The mystery snail, or the “spike-topped apple snail,” is a type of apple snail species commonly found in home aquariums. The apple snail is a common name for the Ampullariidae, a family of large freshwater snails.
Whilst they’re of the same family, these two species are often highly differentiated in the aquarium trade. However, their appearance, anatomy, and diet similarities may be difficult to tell apart at first glance.
This article will help you understand the differences and help you decide which is best for you and your home aquarium.
How Do You Identify an Apple Snail?
Most species of apple snails are larger than the majority of other freshwater snails and can be separated from others by their distinct oval shell. Despite the two belonging to a similar family of snails, there are visible differences between apple snails vs mystery snails.
Apple snails generally have an olive-toned foot/body, and their shells can come in a huge variety of colors. This depends on the different types of snails.
They’re not a hugely common species in the aquarium hobby – to get one, you’ll likely have to go out of your way to find a reputable breeder, as they’re not commonly found in pet stores (these will likely be mystery or nerite snails).
So if you’re unsure what snail type you have and think it may be an apple, there’s a good chance that it may actually just be a mystery – quite literally.
Apples generally have a gorgeous unique appearance, making them a preferred choice as pets. However, they come with many risks, including the spread of diseases and parasites, which can harm the other creatures in your aquarium.
They’re considered to be an invasive species; known to carry intestinal flukes and rat ringworms, which can harm and disturb ecosystems.
How Do You Identify a Mystery Snail?
Mystery snails are commonly identified by their cute little “trap-door” – an operculum that the snail uses to hide inside his shell. They’re commonly shades of brown or occasionally cream, with orange accents on their mouths.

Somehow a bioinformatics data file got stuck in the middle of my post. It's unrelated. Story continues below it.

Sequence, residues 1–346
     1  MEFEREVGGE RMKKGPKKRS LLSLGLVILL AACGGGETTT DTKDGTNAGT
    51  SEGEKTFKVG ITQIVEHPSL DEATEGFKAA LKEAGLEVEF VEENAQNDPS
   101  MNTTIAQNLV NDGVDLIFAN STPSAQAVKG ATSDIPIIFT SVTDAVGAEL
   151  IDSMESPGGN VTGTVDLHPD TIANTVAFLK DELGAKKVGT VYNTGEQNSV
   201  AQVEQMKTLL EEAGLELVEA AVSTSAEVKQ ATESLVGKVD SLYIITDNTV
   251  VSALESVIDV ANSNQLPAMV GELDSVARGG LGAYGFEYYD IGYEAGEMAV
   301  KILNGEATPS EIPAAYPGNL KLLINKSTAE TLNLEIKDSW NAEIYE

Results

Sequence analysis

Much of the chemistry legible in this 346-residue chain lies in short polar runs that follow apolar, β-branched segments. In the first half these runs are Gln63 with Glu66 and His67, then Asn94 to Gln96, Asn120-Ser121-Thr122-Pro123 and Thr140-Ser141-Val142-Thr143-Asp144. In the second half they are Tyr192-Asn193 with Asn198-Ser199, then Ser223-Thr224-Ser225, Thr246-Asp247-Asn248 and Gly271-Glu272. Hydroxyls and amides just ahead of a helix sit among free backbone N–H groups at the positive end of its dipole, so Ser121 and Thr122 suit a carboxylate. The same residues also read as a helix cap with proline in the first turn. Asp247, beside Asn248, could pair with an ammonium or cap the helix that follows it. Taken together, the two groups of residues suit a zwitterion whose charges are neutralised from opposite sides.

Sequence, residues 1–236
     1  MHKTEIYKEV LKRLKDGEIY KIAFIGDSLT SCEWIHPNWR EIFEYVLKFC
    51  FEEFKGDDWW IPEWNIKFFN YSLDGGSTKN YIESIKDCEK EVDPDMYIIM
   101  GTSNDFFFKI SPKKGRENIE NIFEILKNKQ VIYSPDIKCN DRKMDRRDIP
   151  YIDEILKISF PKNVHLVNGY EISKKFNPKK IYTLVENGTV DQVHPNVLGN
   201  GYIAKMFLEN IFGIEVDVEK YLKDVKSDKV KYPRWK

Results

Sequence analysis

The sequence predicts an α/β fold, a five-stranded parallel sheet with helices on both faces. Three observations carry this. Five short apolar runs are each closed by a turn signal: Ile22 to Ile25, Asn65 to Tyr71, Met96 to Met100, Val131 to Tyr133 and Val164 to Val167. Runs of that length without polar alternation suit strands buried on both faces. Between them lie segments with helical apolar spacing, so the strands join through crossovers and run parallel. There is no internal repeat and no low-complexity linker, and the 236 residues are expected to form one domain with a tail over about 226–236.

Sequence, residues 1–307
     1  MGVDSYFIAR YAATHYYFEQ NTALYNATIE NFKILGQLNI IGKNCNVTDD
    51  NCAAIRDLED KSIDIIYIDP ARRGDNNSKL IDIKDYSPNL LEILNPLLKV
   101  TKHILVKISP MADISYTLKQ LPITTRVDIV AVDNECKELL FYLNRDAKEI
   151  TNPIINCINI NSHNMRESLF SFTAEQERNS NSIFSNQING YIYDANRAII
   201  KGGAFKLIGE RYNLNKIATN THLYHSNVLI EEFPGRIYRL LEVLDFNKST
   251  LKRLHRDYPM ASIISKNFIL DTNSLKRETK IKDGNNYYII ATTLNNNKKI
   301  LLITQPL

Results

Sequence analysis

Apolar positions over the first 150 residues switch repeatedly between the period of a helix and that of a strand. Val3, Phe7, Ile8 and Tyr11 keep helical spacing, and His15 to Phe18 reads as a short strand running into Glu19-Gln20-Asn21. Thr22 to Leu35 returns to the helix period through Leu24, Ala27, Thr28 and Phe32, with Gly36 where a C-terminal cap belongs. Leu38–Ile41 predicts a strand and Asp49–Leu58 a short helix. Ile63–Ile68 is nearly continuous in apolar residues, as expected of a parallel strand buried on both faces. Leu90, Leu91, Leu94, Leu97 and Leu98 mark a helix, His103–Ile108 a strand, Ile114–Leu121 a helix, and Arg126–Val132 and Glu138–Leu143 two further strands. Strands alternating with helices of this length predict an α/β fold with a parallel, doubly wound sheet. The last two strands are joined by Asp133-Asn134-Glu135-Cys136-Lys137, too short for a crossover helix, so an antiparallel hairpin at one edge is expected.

These types of snails may also have tentacles and siphons dotted across their head and body, and black dashes on their siphon. These kinds of snails use the siphon for breathing, especially when swimming in alkaline water.
They can appear in various color forms but are extremely common freshwater aquarium snails that are readily found in many pet stores, where they’re clearly labelled.
These snails are also a common favourite amongst breeders due to their diverse appearances. They’re great to get creative with in terms of breeding and it’s possible to create some truly stunning and unique specimens.
These snails require a huge water supply with strict water conditions. They’re sensitive to water hardness and hot water. They’re great eaters of plants and dead plant matter as well.
Which Snail Is More Common?
Mystery snails are one of the few types of apple snails commercially available, so technically, if we include all species, it’s safe to say that apples are more common, as that includes mystery snails – I know, a little confusing, perhaps!
That said, mysteries are not commonly referred to as what we think of as apple snails, so going off of common names alone, mystery snails are by far the most commonly known and widely bred species.
They have healthy shells, which most fish keepers find fascinating.
Are Apple Snails Bigger Than Mystery Snails?
Although (as I’ve already said a hundred times over in this article) mystery snails are a type of apple snail, they’re typically known to be very small for an apple. Most other apple snail variants are, in fact, far larger, and one key difference between these two is their size.
The mystery snails are very small compared to the other species in their family, growing up to only 1-1.5inches in diameter. On the other hand, other types of apple snails are able to grow to as large as 6 inches!